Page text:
The Eurozone is expected to remain in or near recession in the first half of 2024 due primarily to high interest rates and tight fiscal policies, with GDP growth forecasted at a dismal 0.1%. Low unemployment, strong wage growth, a tight labor market, and cooling inflation will prompt ECB rate cuts starting this year.

European equities lagged the US and Japan in the first quarter, despite certain indexes such as the French CAC 40 achieving all-time highs. The MSCI Europe ex-UK Index recorded a gain of 9.7% for the quarter, as market sentiment is starting to shift for the region due to improving economic data.


UK stocks continued to underperform international-developed markets in the first quarter, with the FTSE All-Share Index rising just 3.6% from the start of the year. The UK's market struggles were amplified by its value bias and the economy's fall into a technical recession in the last six months of 2023. Persistent service inflation and wage growth compelled the Bank of England to maintain a restrictive monetary policy stance until further progress is made.


Japan was the top-performing market in the first quarter, with the TOPIX index surging 18.1%. This notable rise occurred despite the Bank of Japan began normalizing its monetary policy in March, which included ending its negative interest rate policy, ceasing yield curve control, and halting its asset purchases.

Emerging Markets

Emerging market equities, represented by the MSCI EM Index, underperformed with a return of only 2.4% amid ongoing concerns about China’s economic prospects without significant fiscal stimulus. Nevertheless, the MSCI China Index recovered 12.3% from its January low, spurred by positive economic data during the Lunar New Year and easing measures from the People’s Bank of China, which reduced its 5-year loan prime rate for the first time since June 2023. Equity investments in Peru, Turkey, and Taiwan were bright spots for emerging markets in the first quarter.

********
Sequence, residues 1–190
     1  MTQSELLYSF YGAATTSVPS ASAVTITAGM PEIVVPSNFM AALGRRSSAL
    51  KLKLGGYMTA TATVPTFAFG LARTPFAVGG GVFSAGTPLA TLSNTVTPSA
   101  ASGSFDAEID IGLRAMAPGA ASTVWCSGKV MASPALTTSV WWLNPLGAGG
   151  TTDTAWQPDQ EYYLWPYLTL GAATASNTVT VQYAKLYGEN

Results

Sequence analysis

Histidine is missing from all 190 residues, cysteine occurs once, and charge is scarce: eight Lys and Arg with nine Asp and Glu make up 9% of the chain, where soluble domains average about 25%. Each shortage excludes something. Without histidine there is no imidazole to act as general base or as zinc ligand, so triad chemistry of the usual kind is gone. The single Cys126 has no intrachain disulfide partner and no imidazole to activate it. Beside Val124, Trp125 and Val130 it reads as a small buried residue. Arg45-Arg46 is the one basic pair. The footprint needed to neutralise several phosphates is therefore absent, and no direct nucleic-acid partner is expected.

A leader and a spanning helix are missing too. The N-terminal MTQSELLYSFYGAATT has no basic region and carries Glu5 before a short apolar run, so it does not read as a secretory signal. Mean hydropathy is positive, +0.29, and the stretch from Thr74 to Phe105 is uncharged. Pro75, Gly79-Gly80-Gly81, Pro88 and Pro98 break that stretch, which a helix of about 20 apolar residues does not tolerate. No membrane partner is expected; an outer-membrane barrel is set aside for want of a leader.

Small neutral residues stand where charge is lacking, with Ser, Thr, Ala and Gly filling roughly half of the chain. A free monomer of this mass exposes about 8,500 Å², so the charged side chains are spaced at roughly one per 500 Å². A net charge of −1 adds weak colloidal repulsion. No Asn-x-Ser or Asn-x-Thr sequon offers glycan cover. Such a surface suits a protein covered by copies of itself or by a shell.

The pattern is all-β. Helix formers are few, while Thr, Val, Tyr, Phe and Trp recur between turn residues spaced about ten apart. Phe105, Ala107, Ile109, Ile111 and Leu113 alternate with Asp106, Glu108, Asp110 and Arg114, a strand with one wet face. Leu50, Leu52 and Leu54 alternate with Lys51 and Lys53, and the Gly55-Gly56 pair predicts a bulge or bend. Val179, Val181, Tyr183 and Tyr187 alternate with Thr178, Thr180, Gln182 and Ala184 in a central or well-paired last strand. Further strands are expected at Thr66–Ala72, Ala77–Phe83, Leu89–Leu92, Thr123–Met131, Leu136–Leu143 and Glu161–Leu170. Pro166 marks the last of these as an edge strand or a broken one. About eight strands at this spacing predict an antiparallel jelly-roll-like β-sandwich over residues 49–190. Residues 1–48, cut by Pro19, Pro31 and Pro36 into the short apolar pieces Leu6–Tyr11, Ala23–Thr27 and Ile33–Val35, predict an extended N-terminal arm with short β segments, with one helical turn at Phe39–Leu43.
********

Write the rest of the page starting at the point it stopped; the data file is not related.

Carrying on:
Fixed Income

Fixed income markets experienced broad losses in the first quarter, with only certain sectors finding limited support. At the onset of the year, bond investors were buoyed by optimism stemming from the Federal Reserve's adoption of a more dovish stance, hinting at the likelihood of interest rate cuts throughout the year. However, as the months unfolded, these initially optimistic expectations, reflected in market pricing, were tempered, resulting in an uptick in market interest rates and a decline in global bond prices. The Bloomberg Global Aggregate Index lost 2.1%.

US Treasuries

While the Federal Reserve maintained its policy rate, the expected trajectory for the remainder of the year witnessed significant volatility, ultimately concluding with fewer anticipated cuts factored into forecasts. Despite earlier signs of economic cooling, business activity showed resilience, bolstered once again by robust consumer spending. Inflation readings consistently exceeded expectations, indicating a reluctance to retreat from current, above-target levels. Consequently, both Federal Reserve officials and market participants revised their projections for the number and pace of anticipated cuts from the central bank. Shifting expectations prompted a rise in Treasury yields across the yield curve, particularly impacting longer-dated bonds. As a result, the Bloomberg Intermediate Treasury Index experienced a decline of 0.4%.

Corporate Credit